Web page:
Until recently, the scope of alcohol’s impact on the workforce has not been well-studied or well-understood. However, a recent study revealed that heavy drinking accounts for over 232 million missed work days every year.
Using survey data from about 110,000 U.S. adults, researchers found that respondents who regularly abused alcohol reported missing an average of 32 work days annually, compared to those who didn’t drink (13 days). The reasons for missing work (also referred to as absenteeism) ranged from illness and injury to simply skipping. Alcohol-related absenteeism was most common among men, younger workers, White and Hispanic respondents and those with lower incomes. Additionally, nine percent of respondents – about 11 million full-time workers – met the diagnostic criteria for alcohol use disorder (AUD), which is defined as chronic uncontrollable drinking and preoccupation with alcohol despite its adverse effects.
“Alcohol use disorder is a major problem in the United States and a big problem in many workplaces, where it contributes to a significant number of workdays missed,” said the study’s senior investigator Laura J. Beirut. “The problem likely has worsened during the pandemic, and we need to try to do more to ensure that people can get the help they need to deal with alcohol use disorder. The new data also point to an economic incentive for employers and policymakers to address the issue.”
Absenteeism is three to eight times greater among people who abuse alcohol. However, absenteeism is not the only problem associated with heavy alcohol use. Those who abuse alcohol also have higher incidences of presenteeism, which is defined as being on the job but not performing at full capacity due to illness or injury. More importantly, presenteeism comes with an increased risk for workplace injury. On-the-job incidents caused by inebriation or hangovers are five times more likely to result in an injury. This is likely due to alcohol’s adverse effects on mental function, such as decreased pattern recognition, reasoning, detection of auditory and visual stimuli, ability to divide attention, time estimation, hazard perception, coordination and general reaction time.
The Employer’s Role in Addressing Alcohol Use Disorder
Since full-time workers spend around eight hours a day at work, an employer could be among the first to recognize absenteeism, presenteeism or other behaviors related to substance abuse. Typically, employees who miss a lot of work are at risk for losing their jobs, but instead of firing them, employers can intervene and take action to assist with their recovery.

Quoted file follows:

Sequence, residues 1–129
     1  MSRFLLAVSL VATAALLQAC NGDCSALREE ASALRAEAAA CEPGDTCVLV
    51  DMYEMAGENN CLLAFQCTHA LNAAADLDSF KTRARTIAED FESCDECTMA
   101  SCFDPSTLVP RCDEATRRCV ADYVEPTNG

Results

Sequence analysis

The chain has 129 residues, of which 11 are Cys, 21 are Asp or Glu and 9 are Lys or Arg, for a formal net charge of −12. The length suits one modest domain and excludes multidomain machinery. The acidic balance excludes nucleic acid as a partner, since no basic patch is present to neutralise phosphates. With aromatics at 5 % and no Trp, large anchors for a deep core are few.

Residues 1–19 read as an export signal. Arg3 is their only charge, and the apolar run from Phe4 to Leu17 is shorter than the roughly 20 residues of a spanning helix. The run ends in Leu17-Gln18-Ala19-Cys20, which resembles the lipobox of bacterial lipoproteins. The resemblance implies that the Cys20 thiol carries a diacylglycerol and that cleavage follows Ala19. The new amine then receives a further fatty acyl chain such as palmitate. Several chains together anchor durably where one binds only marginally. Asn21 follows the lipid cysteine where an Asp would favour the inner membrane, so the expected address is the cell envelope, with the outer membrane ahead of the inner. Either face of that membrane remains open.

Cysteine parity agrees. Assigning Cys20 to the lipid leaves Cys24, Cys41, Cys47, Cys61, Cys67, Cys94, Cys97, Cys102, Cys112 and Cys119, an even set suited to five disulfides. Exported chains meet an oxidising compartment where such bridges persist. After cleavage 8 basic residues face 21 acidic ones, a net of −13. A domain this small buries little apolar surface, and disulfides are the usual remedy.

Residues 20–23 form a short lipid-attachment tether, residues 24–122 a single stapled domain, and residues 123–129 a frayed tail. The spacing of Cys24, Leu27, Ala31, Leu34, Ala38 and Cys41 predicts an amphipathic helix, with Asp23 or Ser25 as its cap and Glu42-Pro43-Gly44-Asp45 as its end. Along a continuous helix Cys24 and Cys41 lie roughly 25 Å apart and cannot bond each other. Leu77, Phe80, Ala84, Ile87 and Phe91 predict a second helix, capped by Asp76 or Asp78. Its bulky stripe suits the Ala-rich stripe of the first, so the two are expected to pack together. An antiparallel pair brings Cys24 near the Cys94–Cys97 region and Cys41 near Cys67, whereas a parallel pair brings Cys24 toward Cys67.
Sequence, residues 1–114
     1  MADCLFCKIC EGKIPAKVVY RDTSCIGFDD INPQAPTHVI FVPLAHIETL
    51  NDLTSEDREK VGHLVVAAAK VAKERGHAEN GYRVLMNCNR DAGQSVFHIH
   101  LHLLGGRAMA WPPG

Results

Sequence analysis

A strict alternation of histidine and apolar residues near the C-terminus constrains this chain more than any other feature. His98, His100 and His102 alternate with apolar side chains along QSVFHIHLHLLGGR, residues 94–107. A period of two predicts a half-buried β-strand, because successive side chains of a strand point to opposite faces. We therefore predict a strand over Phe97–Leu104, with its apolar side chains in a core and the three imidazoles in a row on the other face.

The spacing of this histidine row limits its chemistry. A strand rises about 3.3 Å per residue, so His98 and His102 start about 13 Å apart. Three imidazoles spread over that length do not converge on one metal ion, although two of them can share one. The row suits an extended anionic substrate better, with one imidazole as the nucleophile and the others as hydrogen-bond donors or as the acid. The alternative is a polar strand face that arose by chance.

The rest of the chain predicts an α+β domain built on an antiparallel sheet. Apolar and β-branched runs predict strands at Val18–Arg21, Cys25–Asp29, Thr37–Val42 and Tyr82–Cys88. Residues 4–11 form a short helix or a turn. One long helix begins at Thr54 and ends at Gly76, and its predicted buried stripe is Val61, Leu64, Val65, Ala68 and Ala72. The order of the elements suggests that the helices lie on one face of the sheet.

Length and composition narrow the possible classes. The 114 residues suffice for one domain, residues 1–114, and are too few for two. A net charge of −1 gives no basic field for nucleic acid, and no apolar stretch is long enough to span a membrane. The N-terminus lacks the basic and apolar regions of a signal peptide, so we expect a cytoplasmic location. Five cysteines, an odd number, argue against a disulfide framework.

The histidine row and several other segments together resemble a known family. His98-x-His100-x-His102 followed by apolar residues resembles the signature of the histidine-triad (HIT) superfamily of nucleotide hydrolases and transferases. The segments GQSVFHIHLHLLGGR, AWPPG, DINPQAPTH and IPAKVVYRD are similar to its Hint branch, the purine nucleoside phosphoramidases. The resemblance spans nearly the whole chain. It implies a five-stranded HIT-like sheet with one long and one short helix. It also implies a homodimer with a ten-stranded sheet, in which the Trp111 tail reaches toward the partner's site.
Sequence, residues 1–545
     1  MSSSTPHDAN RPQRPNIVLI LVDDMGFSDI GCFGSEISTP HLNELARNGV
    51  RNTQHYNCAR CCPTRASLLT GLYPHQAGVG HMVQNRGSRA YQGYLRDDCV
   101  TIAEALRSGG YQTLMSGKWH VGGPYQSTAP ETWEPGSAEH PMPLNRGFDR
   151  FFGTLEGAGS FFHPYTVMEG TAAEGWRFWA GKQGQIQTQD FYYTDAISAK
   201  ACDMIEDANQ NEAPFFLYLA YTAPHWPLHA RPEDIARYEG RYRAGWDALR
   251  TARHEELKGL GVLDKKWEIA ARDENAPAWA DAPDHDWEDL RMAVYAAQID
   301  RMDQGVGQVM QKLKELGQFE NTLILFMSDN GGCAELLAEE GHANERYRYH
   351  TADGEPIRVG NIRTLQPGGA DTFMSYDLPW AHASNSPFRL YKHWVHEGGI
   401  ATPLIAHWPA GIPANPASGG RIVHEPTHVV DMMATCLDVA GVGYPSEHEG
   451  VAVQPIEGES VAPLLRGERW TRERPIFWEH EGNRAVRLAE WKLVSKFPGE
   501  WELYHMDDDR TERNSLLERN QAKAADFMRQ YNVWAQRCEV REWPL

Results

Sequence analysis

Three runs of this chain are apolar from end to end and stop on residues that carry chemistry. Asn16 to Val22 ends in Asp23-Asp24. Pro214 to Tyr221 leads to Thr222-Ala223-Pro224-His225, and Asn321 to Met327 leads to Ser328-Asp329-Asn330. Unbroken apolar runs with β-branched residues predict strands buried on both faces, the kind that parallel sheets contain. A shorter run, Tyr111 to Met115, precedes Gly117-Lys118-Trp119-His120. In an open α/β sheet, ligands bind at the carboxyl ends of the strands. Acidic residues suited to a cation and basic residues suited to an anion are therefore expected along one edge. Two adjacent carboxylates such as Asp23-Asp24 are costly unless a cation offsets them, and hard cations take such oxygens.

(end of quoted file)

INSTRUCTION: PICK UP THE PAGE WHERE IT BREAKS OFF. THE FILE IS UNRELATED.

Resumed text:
It’s not a supervisor’s responsibility to diagnose AUD or any other substance use disorder. However, it is their job to keep jobsites safe. Supervisors can learn to identify the warning signs and responsibly address any performance or conduct problems. They can also provide available resources and support a workplace culture that expresses care and concern for workers’ health and safety.
Some of the warning signs that a worker may be struggling with AUD include:
- Excessive unexplained absences or tardiness
- Patterns of absence, such as the day after payday or on Mondays or Fridays
- Long periods of absence from a workstation
- Coming back late from breaks
- Careless or sloppy work
- Strained relationships with coworkers
- Smelling of alcohol
- Appearing impaired or unsteady
- Mood and behavior changes
- Excessive use of mouthwash or breath mints to disguise alcohol odor
Possible next steps:
- If there is an immediate concern someone is under the influence of alcohol on the job, remove them right away. Do not let them drive themselves home.
- Supervisor consultation: A supervisor can meet privately with an employee to discuss their concerns based on specific behavior they’ve noticed. Be prepared with resources such as contact info for an Employee Assistance Program (EAP) or resources available through the local health and welfare fund. Involve the Local Union during this process.
- Education on a jobsite: Promote open communication around alcohol. Check out LHSFNA publications on alcohol for available resources.
Alcohol is the single most used and abused drug in America. There are many reasons people drink: to celebrate, to relax or to ease social pressure, for example. But more and more evidence suggests that as little as one drink a day can be detrimental to health and can impact work performance. While moderate alcohol consumption is unlikely to affect day-to-day responsibilities, people who find themselves repeatedly calling out or feeling unable to work after a night of drinking may want to evaluate their relationship with alcohol. Employers who notice this behavior in an employee should be prepared to responsibly address the issue.